"We have been very clear on its position in this area, publishing our Code of Conduct on Administration Provider Transfers in 2013 and requesting that all members adhere to it."

"The introduction of our mediation service was therefore a natural extension of our work here."

Snowdon added that PASA aims for trustees to be able to rely on the organisation as a means of indicating the quality of service provision.

She said: "As well as empowering administrators to be the best they can possibly be, we want trustees to be able to reply on us for quality of service, which starts with the appointment and exit processes."

From 1 January 2018, PASA members will be required to comply with the Code of Conduct and PASA will interceded if a need is identified around unreasonable delays, fees, or expectations."

PASA's mediation service will be voluntary and non-binding, seeking to bring all three parties; the scheme, ceding and receiving administration providers together for practical and fair solutions in line with good industry practice.

The mediators will be independent of administration firms to avoid conflict of interest and PASA intends to publish details of the scheme for formal launch in January 2018.

First published 05.10.2017


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Pension Funds

Annual ONS Pension Schemes Survey records highest ever membership levels

It is an increase of 17.1% on the 33.5milllion members recorded by the survey in 2015.

The survey, which looks at data on the membership of schemes and the contributions made, also found that active membership of occupational pension schemes was 13.5 million in 2016, split between the private (7.7million) and public sector (5.7million).

The OPSS covers both private and public sector occupational pension schemes registered in the UK.

It collects information about scheme membership, benefits and contributions from a sample of occupational (trust based) pension schemes consisting of two or more members – including those that are winding up.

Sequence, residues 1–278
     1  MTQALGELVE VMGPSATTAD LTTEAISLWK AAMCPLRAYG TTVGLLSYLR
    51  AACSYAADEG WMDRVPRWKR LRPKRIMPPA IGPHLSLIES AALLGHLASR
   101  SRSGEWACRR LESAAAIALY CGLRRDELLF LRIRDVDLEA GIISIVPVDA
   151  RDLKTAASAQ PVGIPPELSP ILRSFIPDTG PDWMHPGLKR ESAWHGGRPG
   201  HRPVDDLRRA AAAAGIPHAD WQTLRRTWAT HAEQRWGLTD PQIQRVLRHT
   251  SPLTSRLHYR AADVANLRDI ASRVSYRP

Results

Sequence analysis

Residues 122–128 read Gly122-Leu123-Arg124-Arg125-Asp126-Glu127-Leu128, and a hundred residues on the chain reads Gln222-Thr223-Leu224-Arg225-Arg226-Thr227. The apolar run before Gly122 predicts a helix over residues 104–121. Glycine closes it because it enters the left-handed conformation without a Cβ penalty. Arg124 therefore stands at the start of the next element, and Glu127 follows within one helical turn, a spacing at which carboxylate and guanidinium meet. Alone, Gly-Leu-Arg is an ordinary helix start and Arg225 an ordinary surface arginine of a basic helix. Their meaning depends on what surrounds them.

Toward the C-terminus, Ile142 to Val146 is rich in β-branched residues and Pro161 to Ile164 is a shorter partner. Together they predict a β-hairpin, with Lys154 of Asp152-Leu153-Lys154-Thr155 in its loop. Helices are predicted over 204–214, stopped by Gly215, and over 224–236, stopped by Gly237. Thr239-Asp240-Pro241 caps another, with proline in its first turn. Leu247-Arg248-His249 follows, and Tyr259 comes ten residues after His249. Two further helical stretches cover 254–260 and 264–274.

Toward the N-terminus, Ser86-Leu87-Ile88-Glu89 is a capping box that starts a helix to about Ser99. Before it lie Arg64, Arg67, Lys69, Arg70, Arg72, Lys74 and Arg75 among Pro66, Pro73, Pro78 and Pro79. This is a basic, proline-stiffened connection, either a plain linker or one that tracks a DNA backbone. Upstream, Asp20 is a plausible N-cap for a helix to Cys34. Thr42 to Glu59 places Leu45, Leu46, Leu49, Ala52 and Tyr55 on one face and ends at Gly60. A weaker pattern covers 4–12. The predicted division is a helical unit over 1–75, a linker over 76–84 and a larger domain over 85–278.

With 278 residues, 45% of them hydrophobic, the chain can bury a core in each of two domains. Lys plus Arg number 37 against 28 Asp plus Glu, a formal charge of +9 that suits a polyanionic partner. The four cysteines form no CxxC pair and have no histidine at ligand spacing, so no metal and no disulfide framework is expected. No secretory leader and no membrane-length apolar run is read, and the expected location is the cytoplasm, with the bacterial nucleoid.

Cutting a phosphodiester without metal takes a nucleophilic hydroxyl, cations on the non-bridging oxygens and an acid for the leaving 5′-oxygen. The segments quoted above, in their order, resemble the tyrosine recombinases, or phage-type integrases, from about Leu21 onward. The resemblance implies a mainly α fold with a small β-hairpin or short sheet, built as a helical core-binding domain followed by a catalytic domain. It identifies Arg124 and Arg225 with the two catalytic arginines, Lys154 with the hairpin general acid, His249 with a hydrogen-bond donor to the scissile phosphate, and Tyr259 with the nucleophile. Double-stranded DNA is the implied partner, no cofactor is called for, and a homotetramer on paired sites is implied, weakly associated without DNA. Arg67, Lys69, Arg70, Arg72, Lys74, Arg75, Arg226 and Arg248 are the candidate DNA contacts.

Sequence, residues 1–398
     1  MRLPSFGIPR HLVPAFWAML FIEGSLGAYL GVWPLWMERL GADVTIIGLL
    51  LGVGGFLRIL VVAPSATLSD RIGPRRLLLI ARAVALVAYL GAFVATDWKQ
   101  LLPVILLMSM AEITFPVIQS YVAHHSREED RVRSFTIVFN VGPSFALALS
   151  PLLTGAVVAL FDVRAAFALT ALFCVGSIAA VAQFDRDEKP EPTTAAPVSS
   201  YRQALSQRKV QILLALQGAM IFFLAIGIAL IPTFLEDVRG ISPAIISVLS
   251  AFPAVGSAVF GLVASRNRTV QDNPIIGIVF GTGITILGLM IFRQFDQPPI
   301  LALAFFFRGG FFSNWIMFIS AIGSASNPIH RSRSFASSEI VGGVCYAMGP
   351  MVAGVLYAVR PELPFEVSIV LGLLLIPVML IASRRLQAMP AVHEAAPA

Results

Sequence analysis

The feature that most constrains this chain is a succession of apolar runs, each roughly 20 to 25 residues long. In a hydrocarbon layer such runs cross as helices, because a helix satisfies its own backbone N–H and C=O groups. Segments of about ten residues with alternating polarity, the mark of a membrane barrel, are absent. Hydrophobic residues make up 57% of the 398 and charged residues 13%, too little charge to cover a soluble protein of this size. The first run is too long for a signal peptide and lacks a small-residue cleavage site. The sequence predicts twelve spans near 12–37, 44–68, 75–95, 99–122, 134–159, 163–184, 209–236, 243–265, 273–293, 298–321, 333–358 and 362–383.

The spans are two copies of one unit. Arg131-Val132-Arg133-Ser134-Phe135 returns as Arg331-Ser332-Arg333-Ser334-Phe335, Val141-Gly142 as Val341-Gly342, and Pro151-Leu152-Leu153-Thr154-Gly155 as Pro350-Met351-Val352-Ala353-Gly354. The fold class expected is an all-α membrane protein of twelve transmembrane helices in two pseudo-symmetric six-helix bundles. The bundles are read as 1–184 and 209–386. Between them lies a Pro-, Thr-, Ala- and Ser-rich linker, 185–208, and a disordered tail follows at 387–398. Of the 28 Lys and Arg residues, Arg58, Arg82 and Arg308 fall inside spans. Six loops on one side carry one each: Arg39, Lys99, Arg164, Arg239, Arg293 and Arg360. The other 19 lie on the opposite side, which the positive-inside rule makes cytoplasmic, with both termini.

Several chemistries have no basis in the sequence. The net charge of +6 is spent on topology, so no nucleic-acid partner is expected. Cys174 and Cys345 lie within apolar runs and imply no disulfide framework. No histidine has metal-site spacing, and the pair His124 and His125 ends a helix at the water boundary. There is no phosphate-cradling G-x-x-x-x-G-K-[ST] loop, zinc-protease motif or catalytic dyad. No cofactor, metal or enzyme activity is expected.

The rise in Defined Contribution (DC) membership in recent years is likely to be due to the workplace pension reforms which meant DC arrangements (including group personal pensions), were the most likely route for employers to meet their new obligations under automatic enrolment.

Vince Smith Hughes, retirement expert at Prudential said: "The increase in the number of people joining company pensions schemes shows the success of auto enrolment and how people increasingly recognise the need to provide for their own retirement."

The number of people retiring without a pension has fallen significantly over the last 10 years and people retiring now tell us that they expect to live on about £18,000 a year.

"Our research shows auto enrolment is encouraging people to make better plans for retirement with nearly three out of ten saying they could save an additional £100 a month," added Smith Hughes.

"That's good news because over the past 10 years, responsibility for providing a retirement income has shifted from away from government to individuals and the best approach is to save as much as you can as early as you can."

First published 05.10.2017


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Pension Funds

GDPR juggernaut

I seem to remember that one of Steven King's early films was about a chap driving across America in the dead of night when, for whatever reason, a truck starts harassing him. Presumably it starts at a low level before stepping up to intimidation and then, finally, arriving at terror – it being a Steven King film, after all. Can anyone remember what that was called?

Mentally I have the image of impenetrable dark stretching in all directions shattered only by a steaming hulk of blindingly lit metal, bearing down in a cloud of snorting exhaust fumes and deafening noise. That's sort of how I feel about GDPR at the moment.

The General Data Protection Regulations, to give them their full name, come into force late in May next year. According to many they are a simple extension of the data protection rules we have lived, and possibly breathed, for many a year, updated to reflect the fact it is the 21st century now and we all communicate, store and exchange data electronically. There is, many will tell you, nothing to fear.

That might be a fair analysis (although it wouldn't make a very good horror film) but I am still in terror, for three reasons.

Firstly, a breach of the current data protection rules could, in the worst cases, result in a fine of up to £500,000. The worst kind of breach of GDPR could result in a fine equivalent to €20 million (or 4% of annual worldwide turnover, whichever is greater). That is a staggering, eye watering step up that scares me witless, even though I think I'm doing okay. The sword of Damocles just grew in length from, say, 1 meter to 40!